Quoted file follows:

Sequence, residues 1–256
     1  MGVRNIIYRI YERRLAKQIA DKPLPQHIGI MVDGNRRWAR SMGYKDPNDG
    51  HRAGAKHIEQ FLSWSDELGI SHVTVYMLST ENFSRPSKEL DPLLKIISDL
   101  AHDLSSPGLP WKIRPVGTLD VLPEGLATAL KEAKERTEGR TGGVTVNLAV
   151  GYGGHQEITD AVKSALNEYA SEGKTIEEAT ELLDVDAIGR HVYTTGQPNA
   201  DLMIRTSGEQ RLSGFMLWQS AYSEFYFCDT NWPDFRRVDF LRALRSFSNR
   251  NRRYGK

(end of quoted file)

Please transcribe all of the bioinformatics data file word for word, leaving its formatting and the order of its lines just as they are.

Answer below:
Sequence, residues 1–256
     1  MGVRNIIYRI YERRLAKQIA DKPLPQHIGI MVDGNRRWAR SMGYKDPNDG
    51  HRAGAKHIEQ FLSWSDELGI SHVTVYMLST ENFSRPSKEL DPLLKIISDL
   101  AHDLSSPGLP WKIRPVGTLD VLPEGLATAL KEAKERTEGR TGGVTVNLAV
   151  GYGGHQEITD AVKSALNEYA SEGKTIEEAT ELLDVDAIGR HVYTTGQPNA
   201  DLMIRTSGEQ RLSGFMLWQS AYSEFYFCDT NWPDFRRVDF LRALRSFSNR
   251  NRRYGK